The recommendation by Merrick Bobb was among a series of significant steps he is proposing to bolster police accountability. But a citizen police panel complained the measures don’t go far enough.
The federal monitor overseeing Seattle police reforms is recommending that allegations of officer misconduct be reviewed by civilians rather than sworn officers, a dramatic proposal that would fundamentally alter how internal investigations have been handled throughout the department’s history.
The recommendation, contained in a 16-page letter dated Monday from the monitor, Merrick Bobb, to U.S. District Judge James Robart, stands out among a series of significant steps Bobb is proposing to bolster police accountability.
But the letter drew a sharp reaction from the city’s citizen police commission, which said Bobb’s proposals don’t go far enough.
Robart is presiding over a 2012 consent decree between the city and U.S. Justice Department requiring the Police Department to adopt reforms to address federal allegations of excessive force and biased policing.
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He has scheduled a hearing Aug. 15 — dubbed the “Ides of August” by one official — to discuss whether to allow the city to move forward with long-delayed police-accountability legislation the judge has previously halted over concerns it conflicted with the consent decree.
In his letter, Bobb lists a number of measures Robart could require in the legislation, ranging from civilian-controlled internal investigations to the appointment of a civilian inspector general with broad oversight powers.
“We hope that it provides a useful framework in advance of the hearing on August 15,” Bobb wrote on behalf of his monitoring team. “It reflects what we hope the SPD will be like at the point the Court decides that the Consent Decree has fulfilled its mission.
“It is, however, squarely within the Court’s purview to accept or reject the understandings and assumptions set forth in this letter,” Bobb added.
Included would be subpoena power for the Police Department’s internal-investigation unit, the Office of Professional Accountability (OPA), allowing it to compel witnesses outside the department to produce evidence or testimony.
Bobb’s letter comes on the heels of a joint motion by the city and Justice Department asking Robart to allow Mayor Ed Murray to submit police-accountability legislation to the City Council.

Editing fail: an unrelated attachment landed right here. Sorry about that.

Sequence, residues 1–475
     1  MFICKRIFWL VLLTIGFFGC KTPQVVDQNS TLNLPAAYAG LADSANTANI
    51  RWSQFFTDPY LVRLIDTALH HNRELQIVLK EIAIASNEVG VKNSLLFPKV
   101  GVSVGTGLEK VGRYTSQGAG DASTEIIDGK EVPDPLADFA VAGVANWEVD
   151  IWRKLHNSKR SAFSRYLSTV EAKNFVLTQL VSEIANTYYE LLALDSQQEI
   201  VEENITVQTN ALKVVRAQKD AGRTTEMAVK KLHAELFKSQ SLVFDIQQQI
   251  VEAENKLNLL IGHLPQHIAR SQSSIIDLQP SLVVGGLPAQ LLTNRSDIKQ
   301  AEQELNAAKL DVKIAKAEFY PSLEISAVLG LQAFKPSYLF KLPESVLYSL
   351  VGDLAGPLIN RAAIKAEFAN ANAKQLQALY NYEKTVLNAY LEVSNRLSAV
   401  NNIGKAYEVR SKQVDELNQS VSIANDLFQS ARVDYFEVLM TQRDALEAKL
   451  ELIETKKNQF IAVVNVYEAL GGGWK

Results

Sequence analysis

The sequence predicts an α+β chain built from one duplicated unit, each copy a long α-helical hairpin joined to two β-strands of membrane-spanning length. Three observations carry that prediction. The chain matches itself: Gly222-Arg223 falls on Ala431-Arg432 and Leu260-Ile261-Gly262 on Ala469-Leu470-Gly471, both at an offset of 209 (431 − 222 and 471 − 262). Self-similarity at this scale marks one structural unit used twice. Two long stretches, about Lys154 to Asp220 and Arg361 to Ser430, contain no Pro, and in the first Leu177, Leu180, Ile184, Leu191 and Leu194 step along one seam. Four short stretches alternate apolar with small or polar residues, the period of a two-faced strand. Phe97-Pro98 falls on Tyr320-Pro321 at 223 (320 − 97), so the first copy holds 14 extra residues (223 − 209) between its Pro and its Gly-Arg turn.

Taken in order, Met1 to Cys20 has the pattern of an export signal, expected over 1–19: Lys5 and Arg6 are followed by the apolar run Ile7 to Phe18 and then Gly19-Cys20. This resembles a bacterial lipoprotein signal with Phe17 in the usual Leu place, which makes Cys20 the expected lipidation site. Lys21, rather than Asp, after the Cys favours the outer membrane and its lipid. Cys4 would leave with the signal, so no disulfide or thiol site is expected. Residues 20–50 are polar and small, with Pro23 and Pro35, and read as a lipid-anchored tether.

While much of the potential legislation might not be mentioned in the consent decree, the motion states, some elements could touch on it. As a result, legislation wouldn’t take effect until Robart reviews it to determine if any elements conflict with the consent decree, certain aspects of which can’t be changed without the judge’s approval.
The motion, unlike Bobb’s letter, doesn’t identify specific proposals, deferring instead to the city’s legislative process.
On Tuesday, the city’s Community Police Commission (CPC), a temporary civilian advocacy panel created as part of the consent decree, asserted Bobb’s proposals usurp an agreement between the city and Justice Department that police accountability, for the most part, remains within the city’s legislative authority.
In a letter sent to Robart, the CPC said that while some recommendations it has made are the same as those in Bobb’s letter, many of the CPC’s proposed reforms go beyond what Bobb is proposing.
“We believe the City Council must be free to consider and legislate additional measures to ensure Seattle puts in place a highly effective police accountability system, with political independence and a robust community oversight structure,” said the CPC’s letter signed by co-chairs, the Rev. Harriett Walden and Lisa Daugaard.
The letter asks Robart to sign the joint motion, citing the CPC’s efforts to ensure broader political and budgetary independence to police oversight, establish itself as a permanent body with a broad policy role, and allow open collective bargaining with police unions.
The CPC and Robart have previously clashed over proposed legislation, with the judge labeling the CPC’s attempt to be made a permanent body as a premature power grab.
Bobb, in an interview Wednesday, said the CPC’s letter suggests he and Robart are foreclosing community-based oversight of the department.
“That’s far from the case,” said Bobb, calling such oversight a “bedrock” principle.
In his letter, Bobb noted when the consent decree ends “the continued existence of civilian oversight will be the responsibility of the City.”
City officials declined to comment on the CPC’s letter.
A spokesman for the U.S. Attorney’s Office in Seattle said in a statement his office and the Justice Department were reviewing Bobb’s letter.
“We were not involved in its preparation,” the statement said. “We have joined the City in asking the Court to allow the public legislative process to move forward so that the City can decide, via its elected officials and through participation from its diverse communities, what it believes the best structure is for ensuring ongoing oversight.”
Changes to the police-accountability system must be consistent with the consent decree and constitutional requirements, the statement said.
Bobb’s proposals for civilian internal investigators, along with a recommendation to tighten appeals of officer discipline, could put Robart and the city on a collision course with the Seattle Police Officers’ Guild, which recently rejected a tentative, four-year contract that included key reforms.
Robart has previously suggested the consent decree takes precedence over collective bargaining.
Pierce Murphy, the OPA’s civilian director, recently said he would like to see civilian investigators replace or significantly augment sworn officers.
He said his stance wasn’t based on the officers’ integrity, but because they are put in the difficult position of being members of the same union as those they investigate.